Alone Like A Tree: Reintegration Challenges Facing Children Born of War and Their Mothers in Northern Uganda

Alone Like A Tree: Reintegration Challenges Facing Children Born of War and Their Mothers in Northern Uganda

Alone Like A Tree: Reintegration Challenges Facing Children Born of War and Their Mothers in Northern Uganda

Women in northern Uganda suffered various forms of conflict-related sexual- and gender-based violence (SGBV) during the region’s longstanding armed conflicts. These have resulted in ongoing forms of re-victimisation, including those associated with the lasting effects of bearing and caring for children born as a result of conflict sexual violence, what this briefing terms “children born of war” (CBW). Unfortunately, acknowledgment and redress for CBW and their mothers is largely lacking in the transitional justice (TJ) in Uganda.

The Justice and Reconciliation Project (JRP), a Ugandan non-governmental organisation that works for justice and reconciliation with grassroots communities, conducted a consultation with conflict-affected women and local leaders from September to October 2014. This was done in an effort to identify emerging needs and challenges facing CBW and their mothers so that policies and programmes can be developed and implemented to meet and address these needs. The consultation sought the views of more than 447 people and found that stigmatisation, rejection, trauma, behavioural challenges, meeting basic needs, identity and access to land continue to be major challenges facing CBW that are likely to only intensify as these children come of age.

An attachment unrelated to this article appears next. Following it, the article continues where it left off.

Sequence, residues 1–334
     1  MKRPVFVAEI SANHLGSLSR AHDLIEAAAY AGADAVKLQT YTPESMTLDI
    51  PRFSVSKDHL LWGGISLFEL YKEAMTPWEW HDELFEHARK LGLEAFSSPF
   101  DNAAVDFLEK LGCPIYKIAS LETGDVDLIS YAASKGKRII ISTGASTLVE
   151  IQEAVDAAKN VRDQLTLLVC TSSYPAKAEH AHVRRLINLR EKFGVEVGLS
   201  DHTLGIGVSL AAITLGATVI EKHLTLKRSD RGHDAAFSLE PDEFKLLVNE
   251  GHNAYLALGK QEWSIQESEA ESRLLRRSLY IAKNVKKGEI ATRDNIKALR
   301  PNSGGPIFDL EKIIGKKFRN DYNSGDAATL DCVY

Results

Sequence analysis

Organised into eight sections, the briefing provides an introduction and methodological overview, background on CBW and TJ in Uganda, analysis of numbers and key challenges according to mothers of CBW and local leaders, and recommendations for the Government of Uganda and other stakeholders on what is needed to address these challenges and provide meaningful redress to CBW and their mothers.

Key findings

  • 1,609 children (both CBW and non-CBW) between the ages of <1 to 31-years-old are being cared for the participating members of the Women’s Advocacy Network (WAN).
  • Eighty percent of the children older than five years old are reported to be in school, but paying school fees are reported as the number one challenge in caring for male and female CBW.
  • 437 (27%) of the 1,609 children reported were conceived because of an act of sexual violence against the mother. 311 (68%) were conceived in captivity, 80 (18%) were conceived of rape, 33 (7%) were conceived of defilement, and 33 (7%) were conceived of sexual exploitation.
  • 481 (30%) of the fathers of all children reported were in an armed group at the time of conception. Of the children conceived through sexual violence, 330 (88%) of the fathers were in the LRA and 46 (12%) of the fathers were in the states forces (Uganda People’s Defence Force [UPDF] or National Resistance Army [NRA]).
  • The primary challenges facing CBW include stigmatisation and rejection, trauma and behavioural challenges, inability to meet basic needs, identity, and access to land.